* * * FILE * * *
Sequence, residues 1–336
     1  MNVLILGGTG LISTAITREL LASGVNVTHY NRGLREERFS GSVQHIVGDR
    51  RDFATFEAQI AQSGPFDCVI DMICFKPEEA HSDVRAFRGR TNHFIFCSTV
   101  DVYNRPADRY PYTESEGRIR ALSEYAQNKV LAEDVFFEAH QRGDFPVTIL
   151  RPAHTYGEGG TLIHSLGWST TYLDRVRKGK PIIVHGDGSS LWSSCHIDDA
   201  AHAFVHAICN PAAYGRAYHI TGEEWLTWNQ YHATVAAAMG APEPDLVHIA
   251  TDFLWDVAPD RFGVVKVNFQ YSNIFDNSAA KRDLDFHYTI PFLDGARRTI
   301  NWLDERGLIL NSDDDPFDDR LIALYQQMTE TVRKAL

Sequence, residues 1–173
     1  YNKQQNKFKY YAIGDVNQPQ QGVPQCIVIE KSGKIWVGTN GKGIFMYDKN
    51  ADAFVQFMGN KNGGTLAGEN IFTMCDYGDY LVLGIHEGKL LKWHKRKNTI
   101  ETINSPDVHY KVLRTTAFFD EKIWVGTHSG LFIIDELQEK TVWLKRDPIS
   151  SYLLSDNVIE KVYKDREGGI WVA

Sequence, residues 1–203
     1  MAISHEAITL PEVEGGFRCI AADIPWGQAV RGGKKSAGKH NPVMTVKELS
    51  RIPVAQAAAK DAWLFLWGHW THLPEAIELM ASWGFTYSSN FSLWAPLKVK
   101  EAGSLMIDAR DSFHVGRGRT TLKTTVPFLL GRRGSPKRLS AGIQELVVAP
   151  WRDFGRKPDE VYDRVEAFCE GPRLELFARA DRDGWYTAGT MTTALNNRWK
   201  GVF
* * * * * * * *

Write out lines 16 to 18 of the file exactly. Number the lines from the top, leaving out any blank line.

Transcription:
    51  RIPVAQAAAK DAWLFLWGHW THLPEAIELM ASWGFTYSSN FSLWAPLKVK
   101  EAGSLMIDAR DSFHVGRGRT TLKTTVPFLL GRRGSPKRLS AGIQELVVAP
   151  WRDFGRKPDE VYDRVEAFCE GPRLELFARA DRDGWYTAGT MTTALNNRWK